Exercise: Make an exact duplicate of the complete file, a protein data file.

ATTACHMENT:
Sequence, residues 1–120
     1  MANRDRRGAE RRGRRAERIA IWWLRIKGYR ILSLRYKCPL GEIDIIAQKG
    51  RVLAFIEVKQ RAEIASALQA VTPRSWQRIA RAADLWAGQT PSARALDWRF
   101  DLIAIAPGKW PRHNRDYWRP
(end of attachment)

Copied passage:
Sequence, residues 1–120
     1  MANRDRRGAE RRGRRAERIA IWWLRIKGYR ILSLRYKCPL GEIDIIAQKG
    51  RVLAFIEVKQ RAEIASALQA VTPRSWQRIA RAADLWAGQT PSARALDWRF
   101  DLIAIAPGKW PRHNRDYWRP